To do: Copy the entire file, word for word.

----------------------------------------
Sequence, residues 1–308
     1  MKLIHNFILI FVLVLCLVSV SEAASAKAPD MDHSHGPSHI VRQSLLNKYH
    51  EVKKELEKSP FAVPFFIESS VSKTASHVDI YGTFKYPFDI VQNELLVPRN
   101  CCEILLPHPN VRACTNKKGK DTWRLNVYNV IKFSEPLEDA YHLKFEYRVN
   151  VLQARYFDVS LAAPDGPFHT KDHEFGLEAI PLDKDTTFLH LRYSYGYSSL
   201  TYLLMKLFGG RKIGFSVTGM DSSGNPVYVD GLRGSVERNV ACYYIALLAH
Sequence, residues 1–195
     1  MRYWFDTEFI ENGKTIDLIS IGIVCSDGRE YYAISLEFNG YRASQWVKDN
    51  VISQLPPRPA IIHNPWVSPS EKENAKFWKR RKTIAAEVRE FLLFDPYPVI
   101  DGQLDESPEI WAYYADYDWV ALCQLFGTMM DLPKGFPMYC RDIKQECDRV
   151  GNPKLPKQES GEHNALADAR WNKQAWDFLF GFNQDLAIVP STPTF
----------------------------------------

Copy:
Sequence, residues 1–308
     1  MKLIHNFILI FVLVLCLVSV SEAASAKAPD MDHSHGPSHI VRQSLLNKYH
    51  EVKKELEKSP FAVPFFIESS VSKTASHVDI YGTFKYPFDI VQNELLVPRN
   101  CCEILLPHPN VRACTNKKGK DTWRLNVYNV IKFSEPLEDA YHLKFEYRVN
   151  VLQARYFDVS LAAPDGPFHT KDHEFGLEAI PLDKDTTFLH LRYSYGYSSL
   201  TYLLMKLFGG RKIGFSVTGM DSSGNPVYVD GLRGSVERNV ACYYIALLAH
Sequence, residues 1–195
     1  MRYWFDTEFI ENGKTIDLIS IGIVCSDGRE YYAISLEFNG YRASQWVKDN
    51  VISQLPPRPA IIHNPWVSPS EKENAKFWKR RKTIAAEVRE FLLFDPYPVI
   101  DGQLDESPEI WAYYADYDWV ALCQLFGTMM DLPKGFPMYC RDIKQECDRV
   151  GNPKLPKQES GEHNALADAR WNKQAWDFLF GFNQDLAIVP STPTF